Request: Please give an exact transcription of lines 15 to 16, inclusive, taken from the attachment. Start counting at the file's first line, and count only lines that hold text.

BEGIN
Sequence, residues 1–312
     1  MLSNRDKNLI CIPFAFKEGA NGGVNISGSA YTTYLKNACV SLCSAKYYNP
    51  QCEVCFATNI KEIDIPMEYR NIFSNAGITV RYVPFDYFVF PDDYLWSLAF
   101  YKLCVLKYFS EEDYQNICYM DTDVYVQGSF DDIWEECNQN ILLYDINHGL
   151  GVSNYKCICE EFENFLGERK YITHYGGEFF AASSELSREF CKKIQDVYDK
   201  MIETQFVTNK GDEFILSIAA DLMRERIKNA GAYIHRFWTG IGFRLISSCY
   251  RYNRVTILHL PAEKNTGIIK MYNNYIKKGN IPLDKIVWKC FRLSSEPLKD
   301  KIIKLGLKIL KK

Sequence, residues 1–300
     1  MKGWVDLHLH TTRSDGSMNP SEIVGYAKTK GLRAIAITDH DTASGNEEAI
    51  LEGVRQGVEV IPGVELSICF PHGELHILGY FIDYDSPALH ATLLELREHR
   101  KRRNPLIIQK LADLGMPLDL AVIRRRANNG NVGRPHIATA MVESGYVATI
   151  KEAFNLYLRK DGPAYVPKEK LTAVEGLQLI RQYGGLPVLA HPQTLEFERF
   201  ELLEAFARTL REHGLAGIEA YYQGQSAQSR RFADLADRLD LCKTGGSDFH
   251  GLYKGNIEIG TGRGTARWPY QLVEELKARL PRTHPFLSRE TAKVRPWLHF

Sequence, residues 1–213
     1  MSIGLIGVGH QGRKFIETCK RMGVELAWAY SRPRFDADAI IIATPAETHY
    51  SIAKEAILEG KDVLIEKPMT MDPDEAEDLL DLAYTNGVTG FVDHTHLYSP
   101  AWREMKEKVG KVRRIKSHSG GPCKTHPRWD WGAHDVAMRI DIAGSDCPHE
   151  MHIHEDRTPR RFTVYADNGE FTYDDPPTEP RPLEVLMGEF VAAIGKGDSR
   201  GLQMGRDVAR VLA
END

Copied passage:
   251  GLYKGNIEIG TGRGTARWPY QLVEELKARL PRTHPFLSRE TAKVRPWLHF

Sequence, residues 1–213